Well I disagree with people who say there is no central area for first time tourists( repeat visitors like will spread out and extend their list of must sees, ) who want to be close to sights.. Yes.. there are sights that are a little more out of the way ( Sacre Couer for example) .. but I am a middle aged woman who enjoys walking and I can and do walk to many sites when I stay in the 1st( close to river) or the 5th or 6th. I consider the 1st pretty low down on my favorite areas list though, but think the 4th , 5th or 6th are fairly central .

Its not unusual for those staying in those areas.. if nearer rather then farther from the river,, to be within walking distance of Notre Dame, Rodin , Orsay, Cluny, and Louvre Museums, St Chapelle, the Tuilleries and Luxembourg Gardens , etc etc.. OF course one can take buses or metro to save feet, but just saying those sites are clustered near the Seine within 20-30 walking distance at most.

Now, one thing you didn't specify but is needed is your budget in euros per night. I can suggest a few hotels I like, but none of them would be considered very posh.. well one was quite nice.. but most are clean, well run, well located budget to moderate hotels.

Edited: 19 December 2013, 07:04
New Hampshire
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5. Re: What area of Paris is the best to stay in?

<< I think replying with quotation marks around every word is a little patronising.>>

Really? Why?

I would mentioned that, even if you stay within a reasonable walk of the Louvre, for example, most would advise riding there, versus walking, to conserve your energy as, once there, miles and miles of hallways and exhibition rooms, so you not want to be tired from walking on arrival.

Paris is a very large city and, while you may be able to stay close to one or a few major sites, it's just not possible to be close to "all of the major sites" and, also, much depends on those "major" to you in particular.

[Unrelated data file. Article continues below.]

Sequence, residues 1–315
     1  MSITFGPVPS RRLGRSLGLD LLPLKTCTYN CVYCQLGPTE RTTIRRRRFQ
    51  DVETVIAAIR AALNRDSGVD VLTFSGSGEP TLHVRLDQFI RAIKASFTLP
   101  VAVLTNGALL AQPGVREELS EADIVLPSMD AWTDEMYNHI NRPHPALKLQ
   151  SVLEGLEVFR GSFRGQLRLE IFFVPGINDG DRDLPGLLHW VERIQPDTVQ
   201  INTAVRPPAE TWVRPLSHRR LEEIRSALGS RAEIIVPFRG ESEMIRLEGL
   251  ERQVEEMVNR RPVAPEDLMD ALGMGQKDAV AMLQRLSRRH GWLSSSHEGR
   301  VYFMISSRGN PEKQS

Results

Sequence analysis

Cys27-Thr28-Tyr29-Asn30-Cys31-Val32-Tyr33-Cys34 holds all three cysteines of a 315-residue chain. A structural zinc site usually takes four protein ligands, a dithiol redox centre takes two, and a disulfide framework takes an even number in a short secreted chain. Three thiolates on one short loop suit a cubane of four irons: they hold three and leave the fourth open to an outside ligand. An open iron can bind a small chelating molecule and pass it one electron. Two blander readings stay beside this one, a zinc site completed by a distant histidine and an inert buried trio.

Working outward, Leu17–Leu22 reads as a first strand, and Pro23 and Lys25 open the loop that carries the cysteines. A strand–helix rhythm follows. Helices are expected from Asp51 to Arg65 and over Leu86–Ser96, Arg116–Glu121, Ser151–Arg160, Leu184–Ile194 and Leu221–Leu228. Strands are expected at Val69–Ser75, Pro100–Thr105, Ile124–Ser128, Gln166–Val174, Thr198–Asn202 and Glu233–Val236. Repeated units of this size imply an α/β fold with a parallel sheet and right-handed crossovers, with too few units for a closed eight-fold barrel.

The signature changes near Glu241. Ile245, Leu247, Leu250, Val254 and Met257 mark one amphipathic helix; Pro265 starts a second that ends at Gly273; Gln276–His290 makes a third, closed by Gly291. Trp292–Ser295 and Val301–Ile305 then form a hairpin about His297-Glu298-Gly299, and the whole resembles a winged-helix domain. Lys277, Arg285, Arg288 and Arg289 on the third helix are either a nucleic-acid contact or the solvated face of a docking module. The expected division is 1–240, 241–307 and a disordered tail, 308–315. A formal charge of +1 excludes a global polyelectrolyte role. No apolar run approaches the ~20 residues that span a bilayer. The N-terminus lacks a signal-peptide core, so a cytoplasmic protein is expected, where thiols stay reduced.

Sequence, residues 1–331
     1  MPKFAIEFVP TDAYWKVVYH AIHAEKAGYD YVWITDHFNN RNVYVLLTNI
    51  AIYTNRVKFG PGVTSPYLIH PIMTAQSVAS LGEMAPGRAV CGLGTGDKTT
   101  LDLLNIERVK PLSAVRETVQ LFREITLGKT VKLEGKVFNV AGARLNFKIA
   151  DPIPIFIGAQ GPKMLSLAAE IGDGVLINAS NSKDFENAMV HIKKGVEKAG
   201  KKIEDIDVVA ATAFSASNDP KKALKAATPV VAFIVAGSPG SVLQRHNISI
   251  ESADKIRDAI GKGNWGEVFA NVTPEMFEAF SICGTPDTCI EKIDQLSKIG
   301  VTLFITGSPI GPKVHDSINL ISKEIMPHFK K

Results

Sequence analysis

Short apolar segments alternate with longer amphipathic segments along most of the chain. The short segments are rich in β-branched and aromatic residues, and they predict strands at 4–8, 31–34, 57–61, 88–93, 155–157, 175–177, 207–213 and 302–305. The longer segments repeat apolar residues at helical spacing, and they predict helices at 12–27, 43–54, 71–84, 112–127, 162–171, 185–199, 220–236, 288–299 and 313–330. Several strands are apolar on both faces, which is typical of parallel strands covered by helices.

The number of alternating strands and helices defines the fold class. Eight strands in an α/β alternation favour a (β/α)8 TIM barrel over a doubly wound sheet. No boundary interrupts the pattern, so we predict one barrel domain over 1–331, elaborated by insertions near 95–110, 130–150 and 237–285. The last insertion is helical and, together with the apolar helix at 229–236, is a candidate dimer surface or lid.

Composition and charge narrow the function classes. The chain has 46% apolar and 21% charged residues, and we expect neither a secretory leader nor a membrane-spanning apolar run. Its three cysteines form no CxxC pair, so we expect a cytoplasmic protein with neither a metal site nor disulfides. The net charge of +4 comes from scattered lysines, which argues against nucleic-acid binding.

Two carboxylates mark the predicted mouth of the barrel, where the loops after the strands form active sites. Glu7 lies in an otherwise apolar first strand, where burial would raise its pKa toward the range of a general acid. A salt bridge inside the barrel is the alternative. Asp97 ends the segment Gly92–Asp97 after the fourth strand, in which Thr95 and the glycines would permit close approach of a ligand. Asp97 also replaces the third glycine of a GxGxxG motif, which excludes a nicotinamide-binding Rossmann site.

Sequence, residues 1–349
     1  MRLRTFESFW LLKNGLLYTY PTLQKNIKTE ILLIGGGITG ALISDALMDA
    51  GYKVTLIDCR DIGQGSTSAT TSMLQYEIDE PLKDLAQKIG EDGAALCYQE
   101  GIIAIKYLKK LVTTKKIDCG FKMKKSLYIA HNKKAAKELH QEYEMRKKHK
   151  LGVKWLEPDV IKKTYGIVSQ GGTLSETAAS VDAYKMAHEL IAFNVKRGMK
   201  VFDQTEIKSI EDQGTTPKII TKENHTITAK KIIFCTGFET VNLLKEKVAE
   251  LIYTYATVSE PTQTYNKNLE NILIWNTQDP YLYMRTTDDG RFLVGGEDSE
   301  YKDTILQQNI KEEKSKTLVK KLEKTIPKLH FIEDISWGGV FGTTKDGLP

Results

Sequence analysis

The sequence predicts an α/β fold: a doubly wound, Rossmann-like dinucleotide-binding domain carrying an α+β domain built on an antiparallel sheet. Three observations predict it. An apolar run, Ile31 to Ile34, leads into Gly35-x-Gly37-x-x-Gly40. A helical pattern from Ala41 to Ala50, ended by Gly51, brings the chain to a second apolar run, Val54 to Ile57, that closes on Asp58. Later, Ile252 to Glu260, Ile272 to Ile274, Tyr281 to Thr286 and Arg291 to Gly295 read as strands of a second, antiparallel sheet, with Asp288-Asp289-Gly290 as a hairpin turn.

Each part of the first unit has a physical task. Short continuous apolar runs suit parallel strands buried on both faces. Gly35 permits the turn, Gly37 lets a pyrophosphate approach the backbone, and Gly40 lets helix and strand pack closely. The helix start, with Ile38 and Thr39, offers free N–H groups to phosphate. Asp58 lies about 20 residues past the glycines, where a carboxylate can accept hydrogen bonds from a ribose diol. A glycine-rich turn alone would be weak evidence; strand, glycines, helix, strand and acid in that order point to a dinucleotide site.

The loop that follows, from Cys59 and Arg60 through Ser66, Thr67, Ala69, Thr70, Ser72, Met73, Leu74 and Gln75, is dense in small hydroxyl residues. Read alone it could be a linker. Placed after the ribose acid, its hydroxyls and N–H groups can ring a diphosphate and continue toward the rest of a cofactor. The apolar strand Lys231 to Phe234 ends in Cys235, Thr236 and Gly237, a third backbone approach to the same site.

Paris is a very walkable city and you can cover much on foot, again, keeping in mind that many venues require much walking once there (the larger museums, gigantic parks, etc.).

And, there is an abundance of resources - Google, there's an article describing all the neighborhoods here on TA, each and every printed tour guide provides details of the various neighborhoods with what's within and nearby.

You could also browse this forum for

a) the responses to the many others who have inquired previously

b) the abundance of trip reports detailing where they stayed and getting around to all their destinations during their visit.

And, actually, there is no "useful answer" to the best place to stay "close to all the major sites".

As mentioned, much depends on your budget and the number of people, which you still have not disclosed.

For a stay of a week, an apartment may be far preferable to a hotel, for a multitude of good reason.

Paris, France
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6. Re: What area of Paris is the best to stay in?


I am from Paris. I suggest that you find a hotel in “Saint-Michel area” (in the 5th arrondissement of Paris), also called “le quartier latin”. It is a quite central area and it is really convenient to visit some majors attractions of Paris. Indeed, you are not far from great places like la Cathédrale Notre-Dame, l’Ile de la Cité, la Sainte-Chapelle, le Pantheon, Saint-Germain des Près, le Jardin du Luxembourg, l’Université la Sorbonne…